The slogan “Eight Hours to Constitute a Day’s Work” was so popular that thousands of laborers brought and wore “Eight-Hour Shoes,” smoked “Eight-Hour Tobacco,” and sang an “Eight-Hour Song”:

We mean to make things over; we’re tired of toil for naught,
But bare enough to live on: never an hour for thought.

We want to feel the sunshine; we want to smell the flowers;
We’re sure that God has willed it, and we mean to have eight hours.

We’re summoning our forces from shipyard, shop and mill:
Eight hours for work, eight hours for rest, eight hours for what we will!

As the appointed day for the strike approached excitement ran high everywhere and particularly in the metropolis of Chicago, where the anarcho-syndicalists were in the vanguard of events.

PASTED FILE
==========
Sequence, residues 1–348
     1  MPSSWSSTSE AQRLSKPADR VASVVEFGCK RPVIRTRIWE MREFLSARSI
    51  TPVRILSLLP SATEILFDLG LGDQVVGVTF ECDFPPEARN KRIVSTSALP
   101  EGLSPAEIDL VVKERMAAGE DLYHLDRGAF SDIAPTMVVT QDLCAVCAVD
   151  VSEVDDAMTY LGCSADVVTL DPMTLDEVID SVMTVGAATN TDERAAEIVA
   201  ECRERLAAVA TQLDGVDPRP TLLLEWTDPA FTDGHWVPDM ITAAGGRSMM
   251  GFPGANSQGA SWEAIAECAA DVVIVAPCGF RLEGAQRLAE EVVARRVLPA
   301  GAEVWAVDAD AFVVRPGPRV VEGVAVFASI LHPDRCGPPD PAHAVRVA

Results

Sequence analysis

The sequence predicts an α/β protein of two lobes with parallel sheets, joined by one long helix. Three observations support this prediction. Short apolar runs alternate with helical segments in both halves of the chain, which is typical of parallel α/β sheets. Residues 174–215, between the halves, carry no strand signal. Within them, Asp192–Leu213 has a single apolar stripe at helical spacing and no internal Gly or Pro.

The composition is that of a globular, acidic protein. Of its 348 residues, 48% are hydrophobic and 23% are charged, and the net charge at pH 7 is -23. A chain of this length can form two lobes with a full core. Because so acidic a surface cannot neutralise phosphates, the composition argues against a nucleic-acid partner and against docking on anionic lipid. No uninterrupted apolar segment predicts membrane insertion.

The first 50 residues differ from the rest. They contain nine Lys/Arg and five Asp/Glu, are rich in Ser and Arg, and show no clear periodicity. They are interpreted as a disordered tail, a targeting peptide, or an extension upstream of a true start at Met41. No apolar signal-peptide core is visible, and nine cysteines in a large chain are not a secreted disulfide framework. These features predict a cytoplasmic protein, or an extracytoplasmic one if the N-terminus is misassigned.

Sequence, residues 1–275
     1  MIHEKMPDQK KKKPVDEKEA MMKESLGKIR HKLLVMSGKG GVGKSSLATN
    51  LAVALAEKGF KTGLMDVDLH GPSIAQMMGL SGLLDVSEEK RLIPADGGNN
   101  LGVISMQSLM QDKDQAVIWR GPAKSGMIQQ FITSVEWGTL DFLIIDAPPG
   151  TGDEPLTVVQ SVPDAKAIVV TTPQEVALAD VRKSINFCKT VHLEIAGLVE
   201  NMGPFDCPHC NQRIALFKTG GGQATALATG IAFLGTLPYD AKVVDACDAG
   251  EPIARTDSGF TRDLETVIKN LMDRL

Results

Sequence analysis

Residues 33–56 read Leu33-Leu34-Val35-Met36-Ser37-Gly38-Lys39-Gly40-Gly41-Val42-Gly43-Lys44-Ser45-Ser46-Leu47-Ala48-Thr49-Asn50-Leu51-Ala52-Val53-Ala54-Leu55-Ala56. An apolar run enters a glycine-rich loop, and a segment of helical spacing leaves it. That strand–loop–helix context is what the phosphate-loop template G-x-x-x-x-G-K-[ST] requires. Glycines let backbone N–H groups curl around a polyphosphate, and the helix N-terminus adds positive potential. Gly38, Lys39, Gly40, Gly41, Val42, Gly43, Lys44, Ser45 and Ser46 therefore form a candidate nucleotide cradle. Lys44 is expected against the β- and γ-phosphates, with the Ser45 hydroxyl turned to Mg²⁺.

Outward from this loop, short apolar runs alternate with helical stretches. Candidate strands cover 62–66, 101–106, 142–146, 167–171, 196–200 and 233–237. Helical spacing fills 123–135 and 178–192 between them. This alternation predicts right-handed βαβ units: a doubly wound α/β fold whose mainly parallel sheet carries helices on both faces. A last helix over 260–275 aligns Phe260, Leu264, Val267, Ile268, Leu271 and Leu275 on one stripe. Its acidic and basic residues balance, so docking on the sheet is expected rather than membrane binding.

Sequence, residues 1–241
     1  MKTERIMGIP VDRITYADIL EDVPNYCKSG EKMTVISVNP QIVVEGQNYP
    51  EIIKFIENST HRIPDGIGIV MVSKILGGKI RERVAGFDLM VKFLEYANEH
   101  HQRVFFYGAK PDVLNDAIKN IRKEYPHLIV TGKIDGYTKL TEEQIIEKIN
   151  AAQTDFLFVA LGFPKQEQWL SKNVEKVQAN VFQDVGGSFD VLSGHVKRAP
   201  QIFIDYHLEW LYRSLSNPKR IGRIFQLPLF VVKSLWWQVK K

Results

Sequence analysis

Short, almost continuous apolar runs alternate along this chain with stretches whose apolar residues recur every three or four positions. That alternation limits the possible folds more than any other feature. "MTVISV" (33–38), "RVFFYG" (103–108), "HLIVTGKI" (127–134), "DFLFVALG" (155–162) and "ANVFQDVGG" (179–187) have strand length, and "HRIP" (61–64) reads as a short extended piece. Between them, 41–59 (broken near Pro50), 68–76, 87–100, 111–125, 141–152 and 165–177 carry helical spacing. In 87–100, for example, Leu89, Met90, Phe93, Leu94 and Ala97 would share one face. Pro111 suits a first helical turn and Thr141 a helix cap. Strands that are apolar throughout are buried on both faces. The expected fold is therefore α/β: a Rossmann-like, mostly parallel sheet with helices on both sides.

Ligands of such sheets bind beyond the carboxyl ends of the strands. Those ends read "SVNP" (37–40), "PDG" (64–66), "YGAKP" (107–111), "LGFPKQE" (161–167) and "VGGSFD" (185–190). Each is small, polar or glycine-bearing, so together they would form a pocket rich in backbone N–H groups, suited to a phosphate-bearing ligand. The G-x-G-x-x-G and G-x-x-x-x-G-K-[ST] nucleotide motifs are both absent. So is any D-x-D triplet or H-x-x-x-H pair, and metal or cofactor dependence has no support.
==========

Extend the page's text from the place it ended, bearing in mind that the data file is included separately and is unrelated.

May 1, 1886, was a beautiful Saturday in Chicago-clear, with a bright sun beaming on the quiet panorama below. On Michigan Avenue near the lake, thousands of men, women, and children exchanged pleasantries and joshed with each other as they waited for the parade to begin. Elation was in the air: employers had already granted the shorter workday to 45,000 workers in the city, including 35,000 in the packinghouses. All told in the next couple of days, 340,000 men and women would down tools in 12,000 establishments nationally, almost a quarter of them in Chicago.